Written by Grant Goodman, 3/2/2015
Today I was wondering what the YA sales charts for Amazon look like in other countries.
I found the best seller page for teen Science Fiction and Fantasy on the Amazon US site, the Amazon UK site and the French site, too.
Let’s check out how they differ.
First, the US site:
It appears that people are really interested in finding out more about this mermaid’s sister. It’s a title I’m not familiar with…and, actually, I don’t recognize two, three, or four. Looks like I have some catching up to do.
My guess is that with the Insurgent movie only three weeks away, those books will all find their way into the top five.
Let’s look at what’s happening in the UK:
It seems that in his native land, Harry Potter is still the king of YA literature. And it seems that they also have taken a shine to the mermaid and her sister. The Hunger Games is selling well and James Dashner has his Maze Runner finale in the top six. The UK site, however, also mixes in children’s books, which is why book number five seems very much out of place.
Finally, to France:
Suzanne Collins is dominating the charts, no question about it. In fifth place is Alain Grousset, a French sci-fi author with a novel about a boy who lives on a tower that is one hundred floors high. In sixth is Christian Grenier, whose book is about two warring clans: one that believes in screens while the other believes in reading and writing. (I hope both of these will make their way to American shelves!)
Written by Grant Goodman, 2/16/2015
Time travel. Rocket ships. Wizards. Dystopias.
You will meet many people in your life who look down on “those kinds of stories.” They are the serious types. They believe in their serious literature.
We can let them believe in that.
They can have their stories about sad people in sad cities. Because, honestly, we read those books, too. Every now and again, we need a palate cleanser, a waystone that lets us step back into our own world.
The deep truth is this: we like other worlds. We like worlds that don’t already exist.
Besides, the biggest milestones of human storytelling tend to be about magic and dystopias.
The Odyssey is full of witches and sea monsters and Cyclops. Beowulf fought a dragon. Shakespeare filled his plays with ghosts and wizards and prophecy. Mary Shelley brought the dead back to life. Jules Verne sent humanity to explore the moon long before John F. Kennedy was born.
Reading fantasy and science-fiction connects us to the roots of the world. The desires to explore and to escape and to imagine are built into us.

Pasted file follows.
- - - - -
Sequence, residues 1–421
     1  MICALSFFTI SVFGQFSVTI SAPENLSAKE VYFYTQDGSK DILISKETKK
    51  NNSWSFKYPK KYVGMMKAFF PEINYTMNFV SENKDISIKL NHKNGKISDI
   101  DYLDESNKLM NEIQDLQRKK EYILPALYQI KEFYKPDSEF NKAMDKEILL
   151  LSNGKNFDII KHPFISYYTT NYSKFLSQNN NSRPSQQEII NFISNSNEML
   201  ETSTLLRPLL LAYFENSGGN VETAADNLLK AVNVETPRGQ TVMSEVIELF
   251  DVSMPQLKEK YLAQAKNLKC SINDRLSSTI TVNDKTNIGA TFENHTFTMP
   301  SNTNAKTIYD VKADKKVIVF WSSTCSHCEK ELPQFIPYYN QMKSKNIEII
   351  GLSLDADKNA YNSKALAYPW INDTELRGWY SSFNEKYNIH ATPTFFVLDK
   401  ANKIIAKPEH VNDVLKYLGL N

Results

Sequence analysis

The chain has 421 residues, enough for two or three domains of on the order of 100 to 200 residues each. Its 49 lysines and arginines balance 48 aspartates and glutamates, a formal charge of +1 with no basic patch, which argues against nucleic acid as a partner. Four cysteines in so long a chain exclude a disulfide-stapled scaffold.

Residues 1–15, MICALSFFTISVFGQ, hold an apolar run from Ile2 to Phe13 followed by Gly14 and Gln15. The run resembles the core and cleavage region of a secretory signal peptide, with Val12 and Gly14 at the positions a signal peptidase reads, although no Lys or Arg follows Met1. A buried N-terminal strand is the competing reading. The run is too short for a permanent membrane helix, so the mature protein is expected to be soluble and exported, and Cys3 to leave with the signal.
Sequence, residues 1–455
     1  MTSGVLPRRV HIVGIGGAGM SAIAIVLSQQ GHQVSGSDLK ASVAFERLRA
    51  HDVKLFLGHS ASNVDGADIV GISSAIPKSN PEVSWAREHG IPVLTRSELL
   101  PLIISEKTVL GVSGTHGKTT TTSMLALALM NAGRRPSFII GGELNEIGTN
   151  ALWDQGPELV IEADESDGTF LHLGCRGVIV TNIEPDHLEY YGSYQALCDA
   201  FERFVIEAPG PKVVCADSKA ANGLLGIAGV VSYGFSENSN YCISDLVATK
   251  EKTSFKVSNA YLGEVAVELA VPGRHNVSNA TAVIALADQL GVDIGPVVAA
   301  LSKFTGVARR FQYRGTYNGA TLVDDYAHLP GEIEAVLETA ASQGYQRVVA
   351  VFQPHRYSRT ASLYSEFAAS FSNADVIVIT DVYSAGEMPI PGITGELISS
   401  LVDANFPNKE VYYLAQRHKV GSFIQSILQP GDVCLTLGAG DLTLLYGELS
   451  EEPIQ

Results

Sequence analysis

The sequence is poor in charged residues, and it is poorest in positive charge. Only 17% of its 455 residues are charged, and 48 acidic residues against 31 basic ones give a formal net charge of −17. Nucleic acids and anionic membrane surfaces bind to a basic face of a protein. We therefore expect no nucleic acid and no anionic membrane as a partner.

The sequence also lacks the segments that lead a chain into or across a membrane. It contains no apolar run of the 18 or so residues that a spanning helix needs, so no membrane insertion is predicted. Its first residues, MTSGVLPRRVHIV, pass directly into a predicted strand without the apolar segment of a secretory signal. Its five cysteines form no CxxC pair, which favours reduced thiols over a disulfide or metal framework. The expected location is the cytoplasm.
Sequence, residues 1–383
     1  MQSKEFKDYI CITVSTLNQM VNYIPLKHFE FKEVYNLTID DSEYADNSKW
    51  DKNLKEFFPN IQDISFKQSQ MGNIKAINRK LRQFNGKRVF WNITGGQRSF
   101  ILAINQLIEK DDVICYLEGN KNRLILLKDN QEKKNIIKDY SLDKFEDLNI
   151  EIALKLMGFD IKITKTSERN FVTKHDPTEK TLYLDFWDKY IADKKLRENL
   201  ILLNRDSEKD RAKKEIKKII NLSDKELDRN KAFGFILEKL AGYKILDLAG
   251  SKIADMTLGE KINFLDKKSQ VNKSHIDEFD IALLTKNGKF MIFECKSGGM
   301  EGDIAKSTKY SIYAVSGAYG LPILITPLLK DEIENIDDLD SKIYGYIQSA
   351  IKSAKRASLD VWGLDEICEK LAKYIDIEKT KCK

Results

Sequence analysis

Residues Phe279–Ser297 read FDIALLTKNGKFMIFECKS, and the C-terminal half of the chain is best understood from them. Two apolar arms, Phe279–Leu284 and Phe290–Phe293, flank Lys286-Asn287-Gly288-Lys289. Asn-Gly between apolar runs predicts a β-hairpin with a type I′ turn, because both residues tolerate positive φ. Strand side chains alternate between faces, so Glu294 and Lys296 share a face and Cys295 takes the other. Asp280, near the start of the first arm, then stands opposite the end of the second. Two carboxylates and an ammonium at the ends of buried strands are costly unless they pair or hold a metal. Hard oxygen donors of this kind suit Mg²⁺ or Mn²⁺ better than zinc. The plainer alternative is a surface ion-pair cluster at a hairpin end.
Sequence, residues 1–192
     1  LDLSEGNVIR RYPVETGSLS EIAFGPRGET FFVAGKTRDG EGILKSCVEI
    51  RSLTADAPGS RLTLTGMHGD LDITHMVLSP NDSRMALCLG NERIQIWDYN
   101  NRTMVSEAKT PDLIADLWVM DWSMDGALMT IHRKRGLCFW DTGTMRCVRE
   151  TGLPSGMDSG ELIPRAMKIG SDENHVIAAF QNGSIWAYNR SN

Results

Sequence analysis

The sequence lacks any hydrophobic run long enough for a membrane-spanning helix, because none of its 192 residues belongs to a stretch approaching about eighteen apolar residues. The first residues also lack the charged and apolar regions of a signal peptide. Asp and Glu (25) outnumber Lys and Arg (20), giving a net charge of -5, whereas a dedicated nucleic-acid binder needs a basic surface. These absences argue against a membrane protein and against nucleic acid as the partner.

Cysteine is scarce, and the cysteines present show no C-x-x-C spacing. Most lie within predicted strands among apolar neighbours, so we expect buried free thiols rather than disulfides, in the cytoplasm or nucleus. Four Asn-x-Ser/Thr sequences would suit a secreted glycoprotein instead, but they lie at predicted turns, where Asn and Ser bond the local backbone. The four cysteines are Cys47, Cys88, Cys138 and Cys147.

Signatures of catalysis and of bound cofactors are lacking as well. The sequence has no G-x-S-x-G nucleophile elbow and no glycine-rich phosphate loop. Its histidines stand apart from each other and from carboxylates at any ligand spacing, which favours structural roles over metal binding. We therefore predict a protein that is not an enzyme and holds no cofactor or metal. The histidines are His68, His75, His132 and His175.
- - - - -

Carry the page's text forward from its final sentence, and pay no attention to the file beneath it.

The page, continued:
That’s why we need Suzanne Collins to send us into the arena. That’s why we need Darren Shan to show us the hidden world of vampires. That’s why Ray Bradbury once wrote, “I have never listened to anyone who criticized my taste in space travel, sideshows or gorillas. When this occurs, I pack up my dinosaurs and leave the room.”
So go ahead and dive into sci-fi and fantasy.
But don’t be afraid to dip your toes into realistic fiction, either. There’s excellence to be found there, too.
YA & MLK: Civil Rights and Acceptance
Written by Grant Goodman, 1/19/2015
Today’s holiday is a moment that is marked by hatred and tragedy, triumph and persistence. The fact that human beings had to fight for their right to be considered equal to other humans is something that never ceases to sicken me. The fact that it still continues to this day is downright depressing.
There is hope, though. The idea of fighting for civil rights finds can be found all over the YA canon. The more we read about this topic, even in fiction, the less likely we are to continue the cycle in real life.
I’ll start with the Harry Potter series. In Harry’s world, there is a hierarchy of blood purity that some still follow. To these wizard, pure humans are, of course, the lowest form, but they still reserve their hatred for wizards who are born to fully-muggle parents. The slur word for them, “mudblood,” is one that cuts deep. While there is no de-facto protest movement in the Harry Potter novels, there is still the matter of these wizards standing up for themselves.
Since Mockingjay Part I is still in theaters, let’s go ahead and examine the Hunger Games trilogy. The citizens of Panem, those who reside in the poorer districts, are all enslaved. They are fenced in, cut off, under curfew, and subjected to cruel and unusual punishment by those in charge. Regardless of skin color, the residents of the lower districts are marginalized, demonized, and broken by the existing social structure of their world.
There are the people of Ishval in Hiromu Arakawa’s manga, Fullmetal Alchemist, whose homeland is taken over by a mighty military. The Smokies in Scott Westerfeld’s Uglies are yet another persecuted group. Brandon Sanderson’s Mistborn series has its skaa. And while few people have read it, I have always loved Ursula K. Le Guin’s The Eye of the Heron for its amazing story of a space colony caught up in its own civil rights movement.